A former Glamour editor says many editors at the publication, herself included, send swag to Fashion Avenue, a consignment shop in Minneapolis, Minnesota, that the magazine had developed a rapport with. A former GQ editor who’s flipped sneakers and items like collectible skateboards says oldie-but-goodie eBay is the magazine’s resale market of choice. INA, the secondhand shop with a men’s location in Soho, comes in close second, he says. An editor at Marie Claire says she prefers to sell her swag at Beacon’s Closet in Greenpoint because she can do an easy exchange for store credit and the store recognizes cool, small brands she sells, like M.Gemi, The Kooples, and Covry. Mobile commerce app Depop is popular among younger fashion assistants, too.

Racked employees do this too. (Or they did before this project was underway; senior staff has since laid out a comprehensive ethics policy stating that reselling is not acceptable). One editor says she cleans out her closet twice a year and makes about $200 from each visit to Buffalo Exchange selling a mix of gifted Kate Spade bags, Frame jeans, and sneakers from Adidas and Reebok. The swag she sells, she adds, is usually what’s sent mindlessly without considering size or style. She gets less than half of retail value, but “that's money I can then spend on something I actually want to wear, plus I free up precious closet space, so it’s a win-win,” she says.

Another Racked editor says she frequents Beacon’s Closet with swag she’s picked up around the office in hopes of getting store credit; she says the store is pretty picky, although it did buy all of the Jourdan Dunn athleisure collection she took from another editor. She says she would never sell anything online because that feels like a different level of “slimy”: “It's something about the level of effort for a small amount of profit, and it’s just not worth my time, I guess.”

When it comes to the price tag of gifts vis-a-vis the earnings capabilities of selling those gifts, a publication’s prestige has serious influence. One former Time Inc. employee who worked at several magazines, including InStyle, before settling into a job at an independent luxury magazine says the amount of money she’s been able to make off of selling gifts she receives at work is much higher now that she works in luxury. She’s gone from getting boxes of clothing from Gap to Cartier jewelry and Prada sunglasses. She’s sold items that come as part of her Fashion Week invitations, like the leather envelope carriers her Louis Vuitton fashion show invites arrive in and the silk scarf that accompanied Dolce & Gabbana’s. She’s also sold coffee table books from Gucci and a Chanel handbag she was sent for Christmas.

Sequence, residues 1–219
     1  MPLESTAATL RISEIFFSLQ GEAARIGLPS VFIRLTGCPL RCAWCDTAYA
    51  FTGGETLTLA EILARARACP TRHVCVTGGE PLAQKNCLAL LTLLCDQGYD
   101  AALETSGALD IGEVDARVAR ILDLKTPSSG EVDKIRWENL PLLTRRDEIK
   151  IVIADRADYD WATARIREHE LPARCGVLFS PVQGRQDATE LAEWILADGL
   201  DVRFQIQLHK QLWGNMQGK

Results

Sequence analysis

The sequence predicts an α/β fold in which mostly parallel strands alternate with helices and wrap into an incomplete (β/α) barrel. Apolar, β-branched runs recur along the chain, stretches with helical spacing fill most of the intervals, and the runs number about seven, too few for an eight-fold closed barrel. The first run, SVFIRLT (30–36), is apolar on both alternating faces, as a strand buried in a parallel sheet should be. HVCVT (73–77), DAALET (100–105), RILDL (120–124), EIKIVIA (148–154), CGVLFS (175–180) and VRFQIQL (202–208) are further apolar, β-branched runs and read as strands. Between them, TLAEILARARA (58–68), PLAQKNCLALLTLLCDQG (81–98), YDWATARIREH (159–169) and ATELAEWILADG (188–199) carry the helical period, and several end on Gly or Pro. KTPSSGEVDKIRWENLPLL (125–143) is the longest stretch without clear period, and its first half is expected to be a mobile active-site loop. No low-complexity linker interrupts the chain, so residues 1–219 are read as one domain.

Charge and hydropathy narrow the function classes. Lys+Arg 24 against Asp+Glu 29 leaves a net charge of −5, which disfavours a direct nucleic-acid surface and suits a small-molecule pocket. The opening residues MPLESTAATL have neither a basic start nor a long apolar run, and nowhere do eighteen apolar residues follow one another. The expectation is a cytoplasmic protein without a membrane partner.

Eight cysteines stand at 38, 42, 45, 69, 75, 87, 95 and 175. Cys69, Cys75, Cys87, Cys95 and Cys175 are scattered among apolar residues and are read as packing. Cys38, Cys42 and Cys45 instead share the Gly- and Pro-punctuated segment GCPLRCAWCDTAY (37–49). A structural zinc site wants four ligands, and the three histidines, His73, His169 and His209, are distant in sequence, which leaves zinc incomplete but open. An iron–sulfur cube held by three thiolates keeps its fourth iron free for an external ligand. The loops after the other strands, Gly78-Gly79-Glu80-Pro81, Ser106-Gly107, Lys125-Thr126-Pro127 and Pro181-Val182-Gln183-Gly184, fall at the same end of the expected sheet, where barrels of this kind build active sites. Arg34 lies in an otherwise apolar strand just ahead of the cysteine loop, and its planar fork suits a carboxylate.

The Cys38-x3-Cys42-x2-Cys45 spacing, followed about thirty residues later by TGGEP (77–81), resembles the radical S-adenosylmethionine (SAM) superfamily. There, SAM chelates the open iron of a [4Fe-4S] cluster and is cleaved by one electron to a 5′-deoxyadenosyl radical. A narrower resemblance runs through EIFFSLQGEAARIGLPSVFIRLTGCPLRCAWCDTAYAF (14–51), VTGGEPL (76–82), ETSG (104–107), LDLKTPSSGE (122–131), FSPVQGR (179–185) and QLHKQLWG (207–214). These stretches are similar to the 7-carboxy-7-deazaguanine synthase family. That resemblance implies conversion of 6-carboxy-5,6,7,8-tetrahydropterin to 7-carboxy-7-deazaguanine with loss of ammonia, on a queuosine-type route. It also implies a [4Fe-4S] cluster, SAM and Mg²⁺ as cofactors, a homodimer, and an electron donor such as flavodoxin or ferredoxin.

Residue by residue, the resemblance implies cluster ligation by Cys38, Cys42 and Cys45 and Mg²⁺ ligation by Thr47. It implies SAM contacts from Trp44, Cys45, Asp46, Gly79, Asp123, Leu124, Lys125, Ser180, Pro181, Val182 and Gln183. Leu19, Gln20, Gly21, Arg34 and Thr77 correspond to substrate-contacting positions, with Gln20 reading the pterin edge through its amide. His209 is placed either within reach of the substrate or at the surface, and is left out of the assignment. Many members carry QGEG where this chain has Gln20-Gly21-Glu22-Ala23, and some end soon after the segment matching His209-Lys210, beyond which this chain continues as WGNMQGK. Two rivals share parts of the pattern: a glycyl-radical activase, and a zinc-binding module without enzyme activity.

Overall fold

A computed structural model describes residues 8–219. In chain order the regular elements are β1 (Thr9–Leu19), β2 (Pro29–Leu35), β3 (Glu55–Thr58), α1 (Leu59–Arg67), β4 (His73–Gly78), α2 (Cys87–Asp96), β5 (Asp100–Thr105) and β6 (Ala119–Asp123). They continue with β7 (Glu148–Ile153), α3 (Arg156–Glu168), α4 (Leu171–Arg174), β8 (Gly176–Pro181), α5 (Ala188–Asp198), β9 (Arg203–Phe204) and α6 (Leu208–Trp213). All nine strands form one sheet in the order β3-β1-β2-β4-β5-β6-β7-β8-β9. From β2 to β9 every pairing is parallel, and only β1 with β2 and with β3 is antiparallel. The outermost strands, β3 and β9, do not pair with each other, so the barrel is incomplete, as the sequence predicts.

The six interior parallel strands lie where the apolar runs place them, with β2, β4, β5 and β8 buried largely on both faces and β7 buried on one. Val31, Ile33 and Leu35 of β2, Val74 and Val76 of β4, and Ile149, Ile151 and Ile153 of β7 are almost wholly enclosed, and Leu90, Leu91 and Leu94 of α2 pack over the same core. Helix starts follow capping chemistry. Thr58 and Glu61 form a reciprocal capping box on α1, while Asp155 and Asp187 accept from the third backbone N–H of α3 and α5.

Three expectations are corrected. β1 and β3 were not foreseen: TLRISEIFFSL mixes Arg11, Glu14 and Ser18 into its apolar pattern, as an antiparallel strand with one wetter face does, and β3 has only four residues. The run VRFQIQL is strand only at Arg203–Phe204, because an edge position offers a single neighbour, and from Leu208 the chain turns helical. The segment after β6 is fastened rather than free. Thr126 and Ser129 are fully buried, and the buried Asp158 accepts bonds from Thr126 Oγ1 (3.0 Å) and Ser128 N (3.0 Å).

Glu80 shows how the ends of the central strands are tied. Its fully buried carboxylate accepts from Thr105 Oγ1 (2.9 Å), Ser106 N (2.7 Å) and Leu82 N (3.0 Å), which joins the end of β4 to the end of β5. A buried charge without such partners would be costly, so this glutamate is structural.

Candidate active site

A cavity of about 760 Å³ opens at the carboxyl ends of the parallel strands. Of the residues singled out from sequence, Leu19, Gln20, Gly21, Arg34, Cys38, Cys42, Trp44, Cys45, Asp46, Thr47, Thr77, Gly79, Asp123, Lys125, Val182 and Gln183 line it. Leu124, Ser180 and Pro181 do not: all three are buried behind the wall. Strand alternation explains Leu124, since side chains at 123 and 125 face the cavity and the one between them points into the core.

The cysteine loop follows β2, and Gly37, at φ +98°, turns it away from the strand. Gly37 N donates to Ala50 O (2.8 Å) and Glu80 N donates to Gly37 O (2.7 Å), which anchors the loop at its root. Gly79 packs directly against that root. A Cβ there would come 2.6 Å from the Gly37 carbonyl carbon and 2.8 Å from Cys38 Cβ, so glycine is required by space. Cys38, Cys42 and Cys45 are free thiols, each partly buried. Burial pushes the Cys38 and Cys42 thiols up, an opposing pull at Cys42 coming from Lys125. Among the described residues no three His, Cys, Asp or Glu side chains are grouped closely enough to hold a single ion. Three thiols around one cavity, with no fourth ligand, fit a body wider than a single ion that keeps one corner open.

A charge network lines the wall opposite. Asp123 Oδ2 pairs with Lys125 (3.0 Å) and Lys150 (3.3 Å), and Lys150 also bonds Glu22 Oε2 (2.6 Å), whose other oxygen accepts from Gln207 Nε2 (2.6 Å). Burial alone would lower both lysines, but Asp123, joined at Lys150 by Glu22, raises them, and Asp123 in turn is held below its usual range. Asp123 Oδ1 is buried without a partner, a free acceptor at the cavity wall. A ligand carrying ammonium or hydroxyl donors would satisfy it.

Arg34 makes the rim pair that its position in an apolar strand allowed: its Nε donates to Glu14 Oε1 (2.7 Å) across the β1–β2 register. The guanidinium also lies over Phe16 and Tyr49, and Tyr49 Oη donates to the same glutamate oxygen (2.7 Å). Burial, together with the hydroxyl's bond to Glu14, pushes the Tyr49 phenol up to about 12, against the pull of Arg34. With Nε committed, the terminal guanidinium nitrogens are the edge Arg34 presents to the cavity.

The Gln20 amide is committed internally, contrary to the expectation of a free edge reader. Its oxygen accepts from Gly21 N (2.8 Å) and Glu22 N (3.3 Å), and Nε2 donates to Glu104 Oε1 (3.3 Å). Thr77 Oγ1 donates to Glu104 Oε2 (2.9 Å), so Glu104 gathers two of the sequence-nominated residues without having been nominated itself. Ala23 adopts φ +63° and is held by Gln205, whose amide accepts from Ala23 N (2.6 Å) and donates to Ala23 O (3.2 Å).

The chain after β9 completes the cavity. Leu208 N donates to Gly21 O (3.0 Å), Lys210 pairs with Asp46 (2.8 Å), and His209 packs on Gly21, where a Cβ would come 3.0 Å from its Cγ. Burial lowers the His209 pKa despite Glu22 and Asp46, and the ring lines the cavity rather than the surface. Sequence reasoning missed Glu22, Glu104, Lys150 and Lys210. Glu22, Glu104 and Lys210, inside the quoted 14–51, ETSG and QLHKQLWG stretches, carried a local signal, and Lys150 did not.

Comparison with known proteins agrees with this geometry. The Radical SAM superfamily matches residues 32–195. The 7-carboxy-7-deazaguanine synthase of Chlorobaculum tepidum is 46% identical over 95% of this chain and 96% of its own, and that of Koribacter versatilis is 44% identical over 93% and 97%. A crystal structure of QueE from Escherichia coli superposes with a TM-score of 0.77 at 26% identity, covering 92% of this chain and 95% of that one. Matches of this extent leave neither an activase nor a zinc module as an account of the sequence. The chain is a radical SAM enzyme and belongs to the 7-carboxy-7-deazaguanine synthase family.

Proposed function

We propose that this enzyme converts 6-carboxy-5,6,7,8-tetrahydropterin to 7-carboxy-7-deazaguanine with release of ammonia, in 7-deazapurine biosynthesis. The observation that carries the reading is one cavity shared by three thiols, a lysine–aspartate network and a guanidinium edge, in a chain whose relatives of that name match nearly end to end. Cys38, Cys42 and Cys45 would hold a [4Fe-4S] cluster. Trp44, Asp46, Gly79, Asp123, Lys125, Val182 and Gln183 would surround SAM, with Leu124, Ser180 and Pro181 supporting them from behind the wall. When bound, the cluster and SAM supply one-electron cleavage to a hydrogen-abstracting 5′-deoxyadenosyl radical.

A former editor at Refinery29 agrees the ranking of publication reputation affects gifting. At Refinery, she says, the office was flooded with contemporary labels like Tory Burch or sportswear brands like Adidas, which are pretty easy to sell but don’t have as much commission potential. Luxury items sent to Refinery, though, are few and far between because those brands “still somehow still don’t understand how digital works.”

Another important factor in the swag resale economy is how high up an editor is on the masthead. A former GQ editor says nearly everyone on staff got sent gifts like clothes, shoes, and accessories from companies like Nike and J.Crew, but editors on top saw gifts of all types from brands like Tom Ford, Prada, and Louis Vuitton. Not that leadership status (or salary) means senior-ranking editors don’t resell gifts. The former Teen Vogue assistant, who worked for the magazine’s fashion director, says that as part of job training, she became proficient in scheduling, expenses — and selling her boss’s swag on The RealReal.

“Mansur Gavriel bags, Chanel shoes,” she says. “I would snap an Insta story of her opening the items, and then off to sell.”

For a company like The RealReal, users get paired with personal representatives, and the former assistant says part of the job was staying in touch and coordinating with the rep. (The RealReal confirmed to Racked the site is a top choice for editors, but could not comment on whether inventory coming in from editors was gifted.) The assistant would collect her boss’s gifts for pickup at least twice a month and schedule messengers to send pieces to The RealReal’s New York consignment office on Condé’s dime.

A former Vogue employee who worked at the print magazine as an assistant to the accessories editor recalls having to go to the Gucci store on Fifth Avenue around Christmastime to exchange a bag that was gifted to her boss because her boss didn’t like it. The scenario ended in near-disaster: The store was concerned the brand-new, current-season bag had been stolen. Sales associates demanded to know where she got it, but the assistant wasn’t allowed to say her boss’s name and she did not have a receipt. When she was finally allowed out of the store (with the bag), she left humiliated and in tears.

“I knew how much money my boss had her in bank account, because I saw that stuff, and could not believe she was making me sell these things,” she adds. “To a poor college student with debt and no family connections, it was painful to watch.”